Out of necessity, small bench top clinical diagnostic instruments have been limited in on-board features that can be packed into the dimensions of a stand-alone instrument. This often reduces the functionality of these machines to a narrow range of tests and can also substantially increase the complexity and cost of the consumable components. We have addressed these limitations in a novel bench top clinical device. With confocal optics in combination with an autofocusing method we are able to target and image a thin layer of cells for analysis of shape and spectral properties. Due to the non-CCD based detection method, the system has an optimized depth of focus that allows for detection of cells while rejecting bulk background fluorescence, thus greatly reducing background signal and increasing signal-to-noise. The flexibility in the cartridge design allows for a wide variety of assays, including multi- step reagent mixing and incubation, and multiple assays on a single sample. Further, use of volumetric capillaries allows the determination of absolute cell counts in specified volumes, eliminating the need for counting references. The multi-PMT detection takes advantage of assays using multiple stains. Bar code reading allows for sample identification and other information. On-board communications interfacing allows flexible LIS options, remote software upgrading, and detailed development and debug information access. We present laser-scanning cytometer with a small footprint that includes on-board liquid handling and facilitates a diverse set of clinical assays, while improving user-safety and ease of use.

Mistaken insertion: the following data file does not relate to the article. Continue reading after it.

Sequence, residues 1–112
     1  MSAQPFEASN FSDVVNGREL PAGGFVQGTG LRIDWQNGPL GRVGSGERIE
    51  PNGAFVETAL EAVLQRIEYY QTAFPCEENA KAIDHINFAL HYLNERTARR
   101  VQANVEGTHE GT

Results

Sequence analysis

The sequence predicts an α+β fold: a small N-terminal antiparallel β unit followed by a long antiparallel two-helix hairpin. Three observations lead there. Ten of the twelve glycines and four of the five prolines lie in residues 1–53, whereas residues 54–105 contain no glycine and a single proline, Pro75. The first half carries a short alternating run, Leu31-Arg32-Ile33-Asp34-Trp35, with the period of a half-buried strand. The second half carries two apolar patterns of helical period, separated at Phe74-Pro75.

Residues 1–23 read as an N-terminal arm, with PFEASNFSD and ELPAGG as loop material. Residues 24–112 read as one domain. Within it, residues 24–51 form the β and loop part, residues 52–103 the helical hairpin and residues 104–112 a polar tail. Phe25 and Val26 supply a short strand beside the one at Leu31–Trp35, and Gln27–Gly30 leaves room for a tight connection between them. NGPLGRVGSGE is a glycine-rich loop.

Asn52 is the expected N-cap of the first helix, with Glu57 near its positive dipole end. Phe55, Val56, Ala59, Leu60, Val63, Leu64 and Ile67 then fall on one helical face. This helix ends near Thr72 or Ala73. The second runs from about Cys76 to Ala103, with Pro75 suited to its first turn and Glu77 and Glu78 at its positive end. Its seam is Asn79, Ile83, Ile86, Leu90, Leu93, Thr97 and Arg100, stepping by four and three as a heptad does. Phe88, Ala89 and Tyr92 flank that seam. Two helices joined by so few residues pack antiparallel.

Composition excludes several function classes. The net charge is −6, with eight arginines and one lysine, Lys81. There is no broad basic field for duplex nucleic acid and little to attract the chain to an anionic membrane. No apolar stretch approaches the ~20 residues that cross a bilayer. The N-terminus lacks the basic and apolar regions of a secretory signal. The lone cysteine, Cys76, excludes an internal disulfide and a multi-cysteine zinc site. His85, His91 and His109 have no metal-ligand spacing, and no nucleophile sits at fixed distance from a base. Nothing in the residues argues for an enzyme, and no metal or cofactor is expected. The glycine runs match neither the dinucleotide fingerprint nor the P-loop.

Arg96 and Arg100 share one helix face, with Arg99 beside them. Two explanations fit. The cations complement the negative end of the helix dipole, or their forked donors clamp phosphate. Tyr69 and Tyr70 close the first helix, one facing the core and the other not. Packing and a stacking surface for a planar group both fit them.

Bio-Rad Laboratories supplies imaging equipment for many applications in the life sciences. As part of our effort to offer more flexibility to the investigator, we are developing a microscope-based imaging spectrometer for the automated detection and analysis of either conventionally or fluorescently labeled samples. Immediate applications will include the use of fluorescence in situ hybridization (FISH) technology. The field of cytogenetics has benefited greatly from the increased sensitivity of FISH producing simplified analysis of complex chromosomal rearrangements. FISH methods for identification lends itself to automation more easily than the current cytogenetics industry standard of G- banding, however, the methods are complementary. Several technologies have been demonstrated successfully for analyzing the signals from labeled samples, including filter exchanging and interferometry. The detection system lends itself to other fluorescent applications including the display of labeled tissue sections, DNA chips, capillary electrophoresis or any other system using color as an event marker. Enhanced displays of conventionally stained specimens will also be possible.